Let me first preface this by saying that the information below is based solely on my somewhat inaccurate memory of conversations I’ve had over the last several months, so if I get part of the story wrong, forgive me. The accurate information was garnered from websites, including Diving4Images.com, panagadivers.com and mcss.com.
About a year ago, some environmentally-minded folks got together with the help of local marine biologist Helen Newman and installed nearly 50 moorings and buoys at dive sites around Bali.
As nearly 200 dive operators work in Bali, this effort was aimed at protecting coral reefs from anchor damage by day boats and visiting yachts by installing environmentally friendly Halas and Manta Ray moorings. These moorings were drilled into sand patches or rocks and cause minimal damage to the environment, providing a secure anchorage for many years.
The installations were carried out in two seven day trips by paying volunteers who had seen the project advertised and were prepared to give of their time and energy and by representatives of local diving organizations, mainly local divemasters.
The first two weeks were an outstanding success with some 47 moorings installed in 14 days around 9 dive areas and islands. A total of 15 volunteers participated and some 12 divemasters were trained in installation techniques. Helen has funding for 15 further moorings to be installed by the local divemasters and it is hoped that the dive operations will continue to generate funds for additional installations.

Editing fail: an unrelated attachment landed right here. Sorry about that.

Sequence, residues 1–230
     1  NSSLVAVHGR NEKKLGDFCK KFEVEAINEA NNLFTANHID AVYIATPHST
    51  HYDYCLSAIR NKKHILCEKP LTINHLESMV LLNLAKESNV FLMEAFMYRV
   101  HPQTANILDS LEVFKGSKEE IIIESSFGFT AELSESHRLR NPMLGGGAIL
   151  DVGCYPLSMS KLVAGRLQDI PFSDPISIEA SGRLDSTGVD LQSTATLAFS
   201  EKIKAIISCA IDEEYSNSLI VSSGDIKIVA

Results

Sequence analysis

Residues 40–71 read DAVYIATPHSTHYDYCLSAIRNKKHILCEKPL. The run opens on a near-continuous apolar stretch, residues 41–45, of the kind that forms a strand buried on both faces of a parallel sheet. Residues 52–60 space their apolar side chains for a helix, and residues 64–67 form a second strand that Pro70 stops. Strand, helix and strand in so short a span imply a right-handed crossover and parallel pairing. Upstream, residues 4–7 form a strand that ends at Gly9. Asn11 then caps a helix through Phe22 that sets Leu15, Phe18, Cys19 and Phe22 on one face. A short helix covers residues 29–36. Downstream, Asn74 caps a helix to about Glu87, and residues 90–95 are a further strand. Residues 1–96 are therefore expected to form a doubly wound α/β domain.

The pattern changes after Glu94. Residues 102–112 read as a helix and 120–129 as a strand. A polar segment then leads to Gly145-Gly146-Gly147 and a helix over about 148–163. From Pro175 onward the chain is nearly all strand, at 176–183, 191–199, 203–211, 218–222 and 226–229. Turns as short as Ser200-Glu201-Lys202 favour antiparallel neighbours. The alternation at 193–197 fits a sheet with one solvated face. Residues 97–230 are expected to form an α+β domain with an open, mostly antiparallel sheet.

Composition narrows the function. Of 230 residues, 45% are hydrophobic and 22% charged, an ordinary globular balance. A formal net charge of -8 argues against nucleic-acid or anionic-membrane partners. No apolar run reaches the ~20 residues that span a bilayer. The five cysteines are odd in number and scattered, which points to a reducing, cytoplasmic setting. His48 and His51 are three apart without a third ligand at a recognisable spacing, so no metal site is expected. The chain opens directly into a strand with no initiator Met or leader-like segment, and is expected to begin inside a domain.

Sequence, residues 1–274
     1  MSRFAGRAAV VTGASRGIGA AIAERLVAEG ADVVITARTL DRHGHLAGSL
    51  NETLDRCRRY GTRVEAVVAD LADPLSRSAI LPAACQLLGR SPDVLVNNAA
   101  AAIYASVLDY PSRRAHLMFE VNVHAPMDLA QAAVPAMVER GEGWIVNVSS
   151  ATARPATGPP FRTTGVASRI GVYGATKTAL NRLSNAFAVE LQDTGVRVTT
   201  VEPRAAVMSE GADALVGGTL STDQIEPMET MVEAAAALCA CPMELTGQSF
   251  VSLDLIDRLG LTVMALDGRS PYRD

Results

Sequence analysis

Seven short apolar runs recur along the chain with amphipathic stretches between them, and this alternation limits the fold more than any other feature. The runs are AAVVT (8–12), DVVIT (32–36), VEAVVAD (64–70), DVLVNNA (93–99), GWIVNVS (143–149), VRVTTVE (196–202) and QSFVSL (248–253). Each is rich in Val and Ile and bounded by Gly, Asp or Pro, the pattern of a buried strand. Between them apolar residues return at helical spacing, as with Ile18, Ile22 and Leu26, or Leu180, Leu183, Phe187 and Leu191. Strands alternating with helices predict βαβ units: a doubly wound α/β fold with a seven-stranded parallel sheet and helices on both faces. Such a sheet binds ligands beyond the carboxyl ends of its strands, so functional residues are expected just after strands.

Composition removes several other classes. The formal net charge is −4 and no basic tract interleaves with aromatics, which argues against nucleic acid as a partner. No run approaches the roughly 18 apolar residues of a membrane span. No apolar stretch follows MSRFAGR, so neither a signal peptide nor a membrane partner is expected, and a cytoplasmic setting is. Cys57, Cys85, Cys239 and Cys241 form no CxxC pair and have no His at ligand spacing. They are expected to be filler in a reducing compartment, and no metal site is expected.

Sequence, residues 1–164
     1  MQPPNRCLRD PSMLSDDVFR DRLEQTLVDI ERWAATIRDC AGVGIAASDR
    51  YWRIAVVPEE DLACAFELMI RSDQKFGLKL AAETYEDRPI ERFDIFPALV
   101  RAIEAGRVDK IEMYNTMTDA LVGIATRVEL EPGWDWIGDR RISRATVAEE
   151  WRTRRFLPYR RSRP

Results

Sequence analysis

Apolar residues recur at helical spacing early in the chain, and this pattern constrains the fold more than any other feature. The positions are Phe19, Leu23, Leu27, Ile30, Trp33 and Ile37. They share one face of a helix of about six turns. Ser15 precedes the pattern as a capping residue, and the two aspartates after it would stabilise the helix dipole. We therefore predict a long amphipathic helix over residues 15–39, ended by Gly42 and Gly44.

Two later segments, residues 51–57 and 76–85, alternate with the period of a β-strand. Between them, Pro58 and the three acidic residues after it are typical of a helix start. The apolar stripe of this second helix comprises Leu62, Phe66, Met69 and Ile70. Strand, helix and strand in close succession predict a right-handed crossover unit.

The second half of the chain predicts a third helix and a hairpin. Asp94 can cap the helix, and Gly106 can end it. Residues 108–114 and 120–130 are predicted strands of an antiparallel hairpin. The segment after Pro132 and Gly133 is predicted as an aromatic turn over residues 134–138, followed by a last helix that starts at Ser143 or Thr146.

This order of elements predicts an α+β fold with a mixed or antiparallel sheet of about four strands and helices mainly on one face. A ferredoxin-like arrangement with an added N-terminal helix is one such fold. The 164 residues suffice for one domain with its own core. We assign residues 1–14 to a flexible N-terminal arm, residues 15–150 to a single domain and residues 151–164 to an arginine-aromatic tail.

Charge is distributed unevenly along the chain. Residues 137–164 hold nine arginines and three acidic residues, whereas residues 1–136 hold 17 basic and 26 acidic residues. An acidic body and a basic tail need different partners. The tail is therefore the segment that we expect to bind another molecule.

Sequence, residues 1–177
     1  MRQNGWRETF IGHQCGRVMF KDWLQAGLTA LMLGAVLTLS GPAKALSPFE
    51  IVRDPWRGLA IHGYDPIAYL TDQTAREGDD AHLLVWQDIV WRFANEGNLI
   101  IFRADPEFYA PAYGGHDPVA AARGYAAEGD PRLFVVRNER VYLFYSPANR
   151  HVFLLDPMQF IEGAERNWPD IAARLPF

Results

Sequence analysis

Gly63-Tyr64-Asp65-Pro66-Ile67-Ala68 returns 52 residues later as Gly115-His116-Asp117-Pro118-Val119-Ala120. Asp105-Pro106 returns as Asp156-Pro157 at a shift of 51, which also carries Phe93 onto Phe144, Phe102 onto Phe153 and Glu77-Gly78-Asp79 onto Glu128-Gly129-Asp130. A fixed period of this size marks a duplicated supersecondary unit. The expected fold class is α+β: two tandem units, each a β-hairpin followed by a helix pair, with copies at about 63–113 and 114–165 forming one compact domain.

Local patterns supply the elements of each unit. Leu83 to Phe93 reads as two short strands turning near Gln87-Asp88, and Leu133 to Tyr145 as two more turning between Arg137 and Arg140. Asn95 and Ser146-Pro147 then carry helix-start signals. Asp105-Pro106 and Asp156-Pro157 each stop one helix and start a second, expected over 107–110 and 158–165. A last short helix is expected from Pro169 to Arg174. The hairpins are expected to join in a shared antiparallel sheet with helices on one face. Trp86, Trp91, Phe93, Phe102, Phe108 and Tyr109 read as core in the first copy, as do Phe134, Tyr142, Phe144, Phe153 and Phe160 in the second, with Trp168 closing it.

A great success story! Alas, a year has passed and many of the buoys on the moorings have disappeared, perhaps due to frequent collisions with boats and the vagaries of weather, tides and current.
Two problems have arisen. First, many boats are now dropping anchors again, damaging the reefs, and second, the lines from the moorings are still intact and are brushing against the reefs, causing additional damage.
With the moorings still intact, it is only a matter of attaching new buoys to solve these problems.
David Ruland from Waterworx dive center in Padang Bai has teamed up with other dive centers and dive clubs to fix this problem by raising funds to buy materials for new buoys.
Kapal Selam Dive Club supports both the initial efforts made by Helen and her team, and the new efforts being made to right the situation. We have donated one million rupiah to the project.
If anyone wants to donate more money or has other questions or concerns, please contact Kapal Selam Dive Club